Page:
Analysis Of John Stuart Mill Utilitarianism

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There are many misconceptions that Mill believes to be either false or misleading in general. A common mistake is often made interpreting Utility or utilitarianism to be against the exact thing in which it stands for. Essentially, utilitarianism is the moral theory that one should seek pleasure, happiness, and the avoidance of pain. Mills statement expressing that the reality of what one should desire to reach in regards to moral standings is to seek pleasure and not to seek pain should hold constant throughout one’s life. Utilitarianism is all about promoting the "greatest amount of good,”. I believe that if one can indeed find pleasure while still being able to avoid pain, why not? Yes, there may be other underlying factors that may play …show more content…
Mill does not exactly say what the quantity of pleasure is, it could essentially be in regards to the amount of time in which one experienced a certain activity or the amount of “pleasures one has at any given time. Mill mainly focuses on the quality aspect of this differentiation rather than that of quantity. The quality of pleasures can be determined through experience alone. If one is given two pleasures; pleasures in which both were experienced, and were told to pick between the two, the pleasure that was chosen would be the one with the higher quality value. This choice will be linked with quality pleasure if the subject would not chose the other pleasure given the fact that more of that option may be given. Society tends to gravitate towards pleasures that acquire a higher aptitude. Those that seek this usually do not get the full bliss from what life has to offer only because being too informed about anything, and/or everything can decrease the spontaneous aspect of what the world has to offer. This is where we coin the phrase, “Ignorance is bliss.” I completely agree with the distinctions made by Mill between the quantity of pleasures and quality of pleasures. In addition I also agree that the quality of pleasures surpasses the quantity aspect. In society, one seeks to bear all knowledge of their surroundings, their peers and other facets, which is just how human beings …show more content…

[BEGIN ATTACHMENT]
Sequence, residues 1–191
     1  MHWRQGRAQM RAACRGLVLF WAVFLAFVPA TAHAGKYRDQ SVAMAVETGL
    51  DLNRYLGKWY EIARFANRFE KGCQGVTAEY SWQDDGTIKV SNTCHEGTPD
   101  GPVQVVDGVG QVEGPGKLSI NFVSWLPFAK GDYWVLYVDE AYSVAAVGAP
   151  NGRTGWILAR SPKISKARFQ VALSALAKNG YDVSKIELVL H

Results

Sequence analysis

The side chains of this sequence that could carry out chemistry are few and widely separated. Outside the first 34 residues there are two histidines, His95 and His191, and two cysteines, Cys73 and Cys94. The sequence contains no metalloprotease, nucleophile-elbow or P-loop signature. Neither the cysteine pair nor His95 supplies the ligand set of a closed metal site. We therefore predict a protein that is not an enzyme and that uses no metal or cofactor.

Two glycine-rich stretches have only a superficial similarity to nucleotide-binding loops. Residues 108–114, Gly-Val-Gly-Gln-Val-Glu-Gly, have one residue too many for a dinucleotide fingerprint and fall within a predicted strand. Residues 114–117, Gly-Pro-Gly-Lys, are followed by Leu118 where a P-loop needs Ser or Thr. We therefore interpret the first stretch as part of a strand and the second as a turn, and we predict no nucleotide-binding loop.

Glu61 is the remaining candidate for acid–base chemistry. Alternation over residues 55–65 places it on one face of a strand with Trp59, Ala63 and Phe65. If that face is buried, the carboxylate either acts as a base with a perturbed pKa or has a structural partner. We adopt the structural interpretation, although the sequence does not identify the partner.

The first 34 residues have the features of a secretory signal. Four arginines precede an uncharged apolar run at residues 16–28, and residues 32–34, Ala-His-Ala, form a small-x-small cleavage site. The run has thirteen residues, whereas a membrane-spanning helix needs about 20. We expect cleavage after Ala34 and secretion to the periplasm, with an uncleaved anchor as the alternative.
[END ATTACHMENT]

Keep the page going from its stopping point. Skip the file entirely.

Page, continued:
For example, the trolley scenario. In this scenario, one is faced with a choice, either to allow two lives to die or five. Seeing that both choices will result in a bad outcome, a utilitarian would easily choose the five lives over the two. This could pose a problem because Mill believes that the ultimate sanction for all morality is happiness for the majority, but, in the example provided, is one’s life more precious than another. This could essentially question if the action falls under being morally right. Mill 's utilitarian view of morality is agreed upon by many. Although
There may be some skepticism about the overall idea; essentially happiness for the vast majority should want to be acquired. Mill does not strictly aim to prove whether something is good or not rather he breaks it down into three parts. One; that the only way to prove something is desirable is that a person may actually desire it, two, essentially individuals tend to desire their own happiness, and three, being happy is good. When an individual is happy it is linked to being good, good to the collective

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